Jun 18, 2020
Sex trafficking and peacekeepers
In the late 1990s, whistle-blowers implicated UN peacekeepers and international police in the forced prostitution and trafficking of Eastern European women into Bosnia, which was just emerging from a bitter civil war. Louise Hidalgo has been talking to one of those who sounded the alarm, British human rights lawyer, Madeleine Rees, who was then working for the High Commissioner for Human Rights in Bosnia. Picture: the United Nations Peacekeeping Force patrols the Bosnian capital Sarajevo in March 1996 (Credit: Roger Lemoyne/Liaison/Getty Images)
Jun 17, 2020
Beethoven's role in China's Cultural Revolution
During the early years of Cultural Revolution in China, all European music was banned. Even enjoying traditional Chinese music and art was illegal. Anyone found with old instruments or recordings could be imprisoned. But that didn’t stop some musicians and enthusiasts from playing or listening to the music they loved, sometimes as an act of rebellion. A favourite during those times in China was the German composer – Ludwig Van Beethoven. Conductor, Jindong Cai tells Rebecca Kesby how he decided to become a musician after listening to an illegal recording of one of his symphonies. (Portrait of German composer Ludwig van Beethoven (1770 - 1827) by German painter Joseph Karl Stieler, 1820. (Photo by Kean Collection/Getty Images)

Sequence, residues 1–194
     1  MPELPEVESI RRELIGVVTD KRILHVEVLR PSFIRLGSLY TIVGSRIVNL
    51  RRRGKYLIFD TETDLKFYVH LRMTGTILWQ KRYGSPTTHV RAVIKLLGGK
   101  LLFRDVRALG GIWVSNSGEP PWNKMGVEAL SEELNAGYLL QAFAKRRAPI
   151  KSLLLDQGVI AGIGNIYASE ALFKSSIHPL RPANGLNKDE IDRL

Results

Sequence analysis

Jun 16, 2020
Elisabeth Kübler-Ross and the Five Stages of Grief
Denial. Anger. Bargaining. Depression. Acceptance. When Swiss psychiatrist Elisabeth Kübler-Ross published her bestselling book On Death and Dying in 1969, she described a series of emotional stages that she had seen terminally ill patients experience – later known as the Five Stages of Grief. But there was much more to her work in end of life care. Her son Ken speaks to Lucy Burns. Photo: Dr. Elizabeth Kübler-Ross, Virginia Farm, 1987. Photo courtesy of Ken Ross www.ekrfoundation.org
Jun 15, 2020
Three Strikes Law
One man's experience of the controversial US law that saw thousands locked up for life. Under the law in California, a third conviction for a felony offence would lead to a life sentence. At times in California, 45% of "three strikers" were African American. Many were sentenced to life in prison for non-violent or minor offensives. Alex Last hears the story of Bilal Chatman, and his hopes for reform. Photo credit: Getty Images